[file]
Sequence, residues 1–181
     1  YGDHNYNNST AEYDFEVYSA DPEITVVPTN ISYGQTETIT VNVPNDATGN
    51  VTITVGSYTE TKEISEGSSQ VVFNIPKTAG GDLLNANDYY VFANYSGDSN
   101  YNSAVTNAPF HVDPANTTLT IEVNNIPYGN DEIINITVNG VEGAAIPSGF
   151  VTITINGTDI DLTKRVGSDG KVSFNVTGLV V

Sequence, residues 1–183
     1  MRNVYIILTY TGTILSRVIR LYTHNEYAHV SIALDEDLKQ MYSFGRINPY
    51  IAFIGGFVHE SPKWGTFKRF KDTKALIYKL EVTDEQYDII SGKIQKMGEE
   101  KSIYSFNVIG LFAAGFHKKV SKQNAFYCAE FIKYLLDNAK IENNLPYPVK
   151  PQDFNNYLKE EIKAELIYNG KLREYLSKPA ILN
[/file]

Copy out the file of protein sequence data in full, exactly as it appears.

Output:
Sequence, residues 1–181
     1  YGDHNYNNST AEYDFEVYSA DPEITVVPTN ISYGQTETIT VNVPNDATGN
    51  VTITVGSYTE TKEISEGSSQ VVFNIPKTAG GDLLNANDYY VFANYSGDSN
   101  YNSAVTNAPF HVDPANTTLT IEVNNIPYGN DEIINITVNG VEGAAIPSGF
   151  VTITINGTDI DLTKRVGSDG KVSFNVTGLV V

Sequence, residues 1–183
     1  MRNVYIILTY TGTILSRVIR LYTHNEYAHV SIALDEDLKQ MYSFGRINPY
    51  IAFIGGFVHE SPKWGTFKRF KDTKALIYKL EVTDEQYDII SGKIQKMGEE
   101  KSIYSFNVIG LFAAGFHKKV SKQNAFYCAE FIKYLLDNAK IENNLPYPVK
   151  PQDFNNYLKE EIKAELIYNG KLREYLSKPA ILN